Work is not a place

I wanted Scott Berkun to call his upcoming book “Work is Not a Place,” but alas, he’s going with “The Year Without Pants” — still a good one.

The idea is this: many “knowledge jobs” are not about physically being somewhere, they’re about accomplishing something. Yes, for many jobs, place is crucial: construction, medicine, etc. But in the magical new land of computery-pixel-pushers, it ain’t about being located somewhere, it’s about craft.

The amazing company I work for, Domain7, lets me work from my home office in Kelowna. I find the setting really helps me find get immersed in the problem-solving, creative zones much faster than when I work in a shared space. It works for me — I’m used to this style of work-alone working (I was homeschooled, y’see.). Others hate working from home, and find it counterproductive. I get to visit the D7 team about once-a-month for a fun explosion of client and team meetings to feed the social side of things, and get a face-to-face fix.

For those in an office, then, how do we adjust our spaces to better suit the work we’re all trying to do? Our offices need to flex to our needs as humans, if we’re going to still work in shared spaces. How can our minds be encouraged to be used well? How can our plant-like introverts be given the mix of water-and-soil needed to thrive? How can we dive into the watery world of writing, coding, dreaming, designing, thinking and making, and pick places to DO that work that facilitate our best work?

Gervais Tompkin from Genslor provides some great perspectives on this, with a post called The Challenges We Face in Open Offices. (I love that architecture firms like Vancouver’s Kasian and Genslor help solve problems like office configurations, based on true human needs.) Watching the videos on Tompkin’s post, courtesy of Microsoft’s Global Workplace Strategies, explains the use of their own open-style offices suggests.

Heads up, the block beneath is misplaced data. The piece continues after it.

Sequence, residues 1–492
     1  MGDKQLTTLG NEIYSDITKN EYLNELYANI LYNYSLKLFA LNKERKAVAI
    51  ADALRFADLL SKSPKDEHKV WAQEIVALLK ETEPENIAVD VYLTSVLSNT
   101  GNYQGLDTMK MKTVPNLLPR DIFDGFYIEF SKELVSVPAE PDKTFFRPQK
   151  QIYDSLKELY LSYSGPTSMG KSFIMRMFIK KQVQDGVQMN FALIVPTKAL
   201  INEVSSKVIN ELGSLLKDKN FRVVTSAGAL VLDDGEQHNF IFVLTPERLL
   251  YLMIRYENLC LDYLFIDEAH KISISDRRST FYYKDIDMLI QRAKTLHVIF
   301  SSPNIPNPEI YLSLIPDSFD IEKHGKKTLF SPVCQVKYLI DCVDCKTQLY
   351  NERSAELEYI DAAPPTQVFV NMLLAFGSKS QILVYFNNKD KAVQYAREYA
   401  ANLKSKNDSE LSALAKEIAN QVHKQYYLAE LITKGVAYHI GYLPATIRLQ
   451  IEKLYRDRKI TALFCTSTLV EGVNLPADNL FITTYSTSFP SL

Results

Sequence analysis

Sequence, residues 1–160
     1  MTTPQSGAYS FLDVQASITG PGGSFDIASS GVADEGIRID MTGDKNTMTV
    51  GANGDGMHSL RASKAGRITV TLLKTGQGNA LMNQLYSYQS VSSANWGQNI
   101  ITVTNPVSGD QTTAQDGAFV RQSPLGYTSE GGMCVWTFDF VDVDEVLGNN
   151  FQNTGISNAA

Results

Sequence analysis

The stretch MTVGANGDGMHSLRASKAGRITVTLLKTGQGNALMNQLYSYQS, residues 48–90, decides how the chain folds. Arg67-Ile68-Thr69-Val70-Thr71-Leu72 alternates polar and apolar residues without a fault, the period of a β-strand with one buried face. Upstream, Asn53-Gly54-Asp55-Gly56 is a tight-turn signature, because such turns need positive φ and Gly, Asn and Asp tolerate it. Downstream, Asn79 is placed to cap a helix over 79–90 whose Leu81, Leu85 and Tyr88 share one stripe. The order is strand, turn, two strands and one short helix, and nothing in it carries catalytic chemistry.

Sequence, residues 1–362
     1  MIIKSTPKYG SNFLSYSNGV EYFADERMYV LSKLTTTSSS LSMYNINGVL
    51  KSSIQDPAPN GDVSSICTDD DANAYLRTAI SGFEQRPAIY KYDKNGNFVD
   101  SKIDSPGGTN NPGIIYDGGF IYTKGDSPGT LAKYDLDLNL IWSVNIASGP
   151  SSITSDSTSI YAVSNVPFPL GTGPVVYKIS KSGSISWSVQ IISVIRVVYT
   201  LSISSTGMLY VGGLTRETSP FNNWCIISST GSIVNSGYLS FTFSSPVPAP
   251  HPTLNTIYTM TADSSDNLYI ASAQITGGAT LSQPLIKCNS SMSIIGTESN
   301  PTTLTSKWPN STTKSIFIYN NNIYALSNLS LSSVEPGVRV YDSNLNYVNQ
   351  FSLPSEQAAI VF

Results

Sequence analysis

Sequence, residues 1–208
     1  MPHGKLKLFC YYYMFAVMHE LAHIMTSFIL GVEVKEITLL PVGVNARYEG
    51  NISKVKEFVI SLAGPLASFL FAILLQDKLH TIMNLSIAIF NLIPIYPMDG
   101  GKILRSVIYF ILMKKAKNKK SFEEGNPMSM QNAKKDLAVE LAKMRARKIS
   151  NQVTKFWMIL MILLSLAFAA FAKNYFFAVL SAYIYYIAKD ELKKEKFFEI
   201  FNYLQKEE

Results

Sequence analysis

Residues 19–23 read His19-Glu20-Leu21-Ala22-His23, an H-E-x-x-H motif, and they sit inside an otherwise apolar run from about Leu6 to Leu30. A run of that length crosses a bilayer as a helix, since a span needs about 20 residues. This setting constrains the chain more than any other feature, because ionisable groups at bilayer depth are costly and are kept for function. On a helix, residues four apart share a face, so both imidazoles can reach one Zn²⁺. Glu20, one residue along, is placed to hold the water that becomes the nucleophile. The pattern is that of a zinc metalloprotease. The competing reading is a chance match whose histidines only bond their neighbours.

Reverse engineering these videos offers these principles that open offices need to have:

  1. A hub: A public space to work for a change of pace, where you’re working, but it’s okay to be interrupted. You work here when you want a mix of socializing with your working.
  2. Phone rooms and focus rooms: A place to take private or longer calls, and to focus on specific in-depth tasks
  3. Etiquette: A common understanding of when to use the rooms, the hubs, and when to stay at your desk
  4. Desk clusters: The places you work, near others, but shielded enough to support productive work.

One of my favourite workspaces I’ve visited in Metro Vancouver is the SFU Surrey campus. Filled with breakout rooms, beautiful windows, and private work areas, you always feel like any resource you need is waiting for you.

The cube farm is dying, which is great. But as open-concept offices continue to flourish, we need to be careful they are designed right, to promote connectivity, privacy as well as creativity, not just the overload of stimuli that can sometimes come.

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